“Two-four,” I asked, “Do you know anything about these smart phones. Joy can get the radio turned on. She wants Q-107.”

“I don’t know about these Android phones, maybe you need to be near a WiFi station. Some of the restaurants nearby have them, even Tim Horton’s.”

“Thanks, Two-four, we’ll see you around.”

Joy said, I’ll just put this away. I’m no good with electronics. I’m going to have the internet cut off anyway. I still keep getting calls from Bell about an unpaid bill. I don’t know what that’s about.”

I said, “Maybe Jake, has his bills e-mailed to his laptop, and you can’t access that. Is the account in your name?’

“No, I asked the woman if Jake had listed anyone else on his account.  She checked and said that he was the only one listed. I said, ‘Then what are you calling me for? Fuck off!’

“I talked on the phone to Jake. He said to just send them a money order, but I’ll be damned if I’m going to pay his bills.  He should have arranged to have his O.D.S.P. check automatically deposited in his bank account. As it is it’ll be sitting on the table until he gets out in January. He could have had access to that seven hundred dollars right now. That’s his problem.”

“I’m so happy today, I’ve made eighty-six cents, but I’m still happy. A woman took me to breakfast at the Pizza Oven. I had a sausage sandwich with fruit on the side; two types of melon, blueberries and raspberries. She had Eggs Benedict with salmon. It was gross. I don’t know how anybody can take the smell of fish in the morning. She must have paid twenty bucks for that. I thought I was going to have to quit, half way through my sandwich, and put the rest in a doggy bag for later; but I finished. I feel great.”

I asked, “Did I miss anything after I left yesterday?”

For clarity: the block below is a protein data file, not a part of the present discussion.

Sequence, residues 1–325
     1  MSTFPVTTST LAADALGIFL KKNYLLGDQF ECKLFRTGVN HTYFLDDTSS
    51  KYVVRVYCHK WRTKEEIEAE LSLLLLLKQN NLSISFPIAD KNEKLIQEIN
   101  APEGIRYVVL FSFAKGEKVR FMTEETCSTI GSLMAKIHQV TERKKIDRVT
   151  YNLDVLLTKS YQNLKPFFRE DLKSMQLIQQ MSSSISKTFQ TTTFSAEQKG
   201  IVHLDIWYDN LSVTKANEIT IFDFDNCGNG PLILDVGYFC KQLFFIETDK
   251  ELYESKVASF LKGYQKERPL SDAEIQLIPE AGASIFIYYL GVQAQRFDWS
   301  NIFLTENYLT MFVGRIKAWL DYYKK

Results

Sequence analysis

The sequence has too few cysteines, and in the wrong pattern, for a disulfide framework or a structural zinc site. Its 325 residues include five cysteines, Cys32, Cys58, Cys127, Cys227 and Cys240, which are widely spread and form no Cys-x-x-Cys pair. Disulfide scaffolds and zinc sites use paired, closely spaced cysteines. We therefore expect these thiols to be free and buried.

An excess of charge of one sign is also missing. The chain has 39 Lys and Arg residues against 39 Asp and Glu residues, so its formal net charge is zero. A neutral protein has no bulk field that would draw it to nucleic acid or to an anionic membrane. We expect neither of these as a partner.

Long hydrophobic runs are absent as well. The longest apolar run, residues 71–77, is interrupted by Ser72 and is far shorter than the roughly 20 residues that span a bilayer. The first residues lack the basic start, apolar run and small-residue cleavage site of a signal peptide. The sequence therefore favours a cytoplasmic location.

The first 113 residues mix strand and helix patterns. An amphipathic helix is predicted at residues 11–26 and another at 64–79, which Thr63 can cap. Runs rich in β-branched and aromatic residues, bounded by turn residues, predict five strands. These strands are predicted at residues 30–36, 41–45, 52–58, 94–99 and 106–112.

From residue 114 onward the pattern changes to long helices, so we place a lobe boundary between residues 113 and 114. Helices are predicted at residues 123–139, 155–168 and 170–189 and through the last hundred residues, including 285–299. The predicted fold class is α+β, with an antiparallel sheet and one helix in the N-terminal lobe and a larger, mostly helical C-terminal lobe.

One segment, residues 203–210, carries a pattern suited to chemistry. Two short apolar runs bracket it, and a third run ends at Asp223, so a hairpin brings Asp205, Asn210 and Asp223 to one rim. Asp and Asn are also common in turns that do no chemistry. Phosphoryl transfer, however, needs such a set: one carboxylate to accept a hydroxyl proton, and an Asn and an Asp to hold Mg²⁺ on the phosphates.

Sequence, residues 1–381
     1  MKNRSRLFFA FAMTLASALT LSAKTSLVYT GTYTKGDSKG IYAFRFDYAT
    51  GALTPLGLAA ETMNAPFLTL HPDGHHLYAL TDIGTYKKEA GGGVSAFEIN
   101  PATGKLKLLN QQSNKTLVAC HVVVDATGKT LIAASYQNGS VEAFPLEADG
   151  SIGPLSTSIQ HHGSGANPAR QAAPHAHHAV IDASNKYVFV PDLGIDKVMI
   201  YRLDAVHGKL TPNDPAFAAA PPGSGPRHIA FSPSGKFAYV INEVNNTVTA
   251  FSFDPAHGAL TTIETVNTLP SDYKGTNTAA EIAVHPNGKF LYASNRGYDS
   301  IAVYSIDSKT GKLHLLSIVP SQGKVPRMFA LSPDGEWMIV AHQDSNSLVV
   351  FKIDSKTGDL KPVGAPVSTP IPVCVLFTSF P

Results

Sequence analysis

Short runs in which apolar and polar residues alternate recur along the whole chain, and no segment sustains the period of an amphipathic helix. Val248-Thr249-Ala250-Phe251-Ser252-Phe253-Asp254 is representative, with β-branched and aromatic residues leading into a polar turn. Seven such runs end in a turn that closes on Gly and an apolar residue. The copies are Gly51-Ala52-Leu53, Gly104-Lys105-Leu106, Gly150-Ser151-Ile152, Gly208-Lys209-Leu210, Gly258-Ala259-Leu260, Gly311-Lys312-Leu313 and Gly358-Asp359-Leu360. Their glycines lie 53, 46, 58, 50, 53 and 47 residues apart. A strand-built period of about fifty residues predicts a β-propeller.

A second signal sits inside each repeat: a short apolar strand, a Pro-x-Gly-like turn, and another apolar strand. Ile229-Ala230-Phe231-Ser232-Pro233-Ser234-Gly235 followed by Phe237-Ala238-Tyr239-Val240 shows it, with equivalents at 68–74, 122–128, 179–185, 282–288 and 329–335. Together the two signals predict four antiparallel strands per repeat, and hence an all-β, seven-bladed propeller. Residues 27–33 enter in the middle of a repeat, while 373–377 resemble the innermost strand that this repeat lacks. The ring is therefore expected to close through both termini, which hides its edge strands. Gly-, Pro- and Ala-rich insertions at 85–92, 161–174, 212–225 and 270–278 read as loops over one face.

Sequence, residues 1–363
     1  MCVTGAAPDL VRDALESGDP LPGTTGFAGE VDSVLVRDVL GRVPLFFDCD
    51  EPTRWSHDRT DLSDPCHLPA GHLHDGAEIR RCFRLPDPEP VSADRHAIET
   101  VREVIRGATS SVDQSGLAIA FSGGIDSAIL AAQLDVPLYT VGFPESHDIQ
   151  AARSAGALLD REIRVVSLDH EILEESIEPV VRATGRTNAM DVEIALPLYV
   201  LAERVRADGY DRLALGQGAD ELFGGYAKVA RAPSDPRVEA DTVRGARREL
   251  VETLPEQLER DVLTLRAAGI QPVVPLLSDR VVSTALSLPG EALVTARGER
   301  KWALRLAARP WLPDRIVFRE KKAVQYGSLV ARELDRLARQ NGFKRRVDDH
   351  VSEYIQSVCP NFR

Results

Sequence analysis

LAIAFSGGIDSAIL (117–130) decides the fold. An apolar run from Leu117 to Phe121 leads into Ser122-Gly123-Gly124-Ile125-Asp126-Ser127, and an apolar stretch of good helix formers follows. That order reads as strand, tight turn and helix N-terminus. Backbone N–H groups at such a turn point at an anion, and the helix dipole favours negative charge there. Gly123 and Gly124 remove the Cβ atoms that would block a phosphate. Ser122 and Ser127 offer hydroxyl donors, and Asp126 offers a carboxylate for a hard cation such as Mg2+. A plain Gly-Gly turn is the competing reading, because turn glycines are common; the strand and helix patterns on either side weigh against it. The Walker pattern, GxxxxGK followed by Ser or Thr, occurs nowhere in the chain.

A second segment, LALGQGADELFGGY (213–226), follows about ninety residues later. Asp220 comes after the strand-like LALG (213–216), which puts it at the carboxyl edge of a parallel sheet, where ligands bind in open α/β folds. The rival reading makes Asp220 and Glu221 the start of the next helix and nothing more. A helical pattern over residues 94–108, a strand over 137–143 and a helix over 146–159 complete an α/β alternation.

“Oh yeah, Andre and his skank of a girlfriend came by. She’s a skinny Inuit with a face that looks like it’s been smashed with a frying pan. Andre came by me, but I just said to him, ‘Keep moving!’ Mariah saw me gritting my teeth and swearing under my breath. She  said, “Keep it under control, Joy.” She grabbed him and threw him in the gutter where he belongs.

“His girlfriend was wearing shades and I saw her gunning for me. I asked, ‘What is it with you? You got a problem with me or something?’ She said, ‘I don’t like the way you talked to my boyfriend.’ I said, ‘Has he done to you, yet what he did to me. Put out, or get put down is his motto. He split my head open, broke two of my ribs, fractured two others. I’m still having trouble with one of them. The headaches have finally stopped. Now, what do you think I should say to him.?’

I got up, walked over to her, grabbed her sunglasses, broke them in half and threw them over the railing. ‘Now,” I said, ‘look into my eyes when you talk to me.’ Mariah held me back and said, ‘This isn’t worth going to jail for.’ Otherwise, I would have decked her.”

Chester stopped by, Joy said, “You look buzzed.”

“I got some good pot. You want some?”

“No, I got my own. What are you doing later?”

“First, I’m going for breakfast, then I’m going home to see my girlfriend. She’s meeting me there.”

I said, “I have to leave now, but maybe I’ll see you both at the park around  noon.”

At noon I was greeted by Joy, Chester, Deaf Donald, Shark, Little Jake and Jack.

Joy said, “I’m really fucked up, man. I bin smokin’ Chester’s weed. It’s really heavy shit.  I can hardly talk. Chester, what do you call this stuff, it’s twice as good as we get from Buck?”

“It’s called Beyond Kush. It’s stronger than Kush. (Hydroponically grown,   Kush is a type of marijuana which originates from Afghanistan, Pakistan and the north western part of India. It’s cannabis from the Hindu Kush Mountain. It’s considered to be a higher version of marijuana.)”

“How much is it?”

“Ten for a gram.”

“What if I wanted to but seven grams?”

“Sixty.”

“Put me down for some.”

Chester said, “I should be able to get a prescription for this from my doctor. He’ll give it to me for pain.”

Joy said, “Last time I went to my doctor he gave me these pills. I asked him how much THC is in these.  He said, ‘Six to eight percent.’ I was taking twelve in the morning, eighteen at noon and twenty-five at night to help me sleep. I was really buzzed — a nice body high.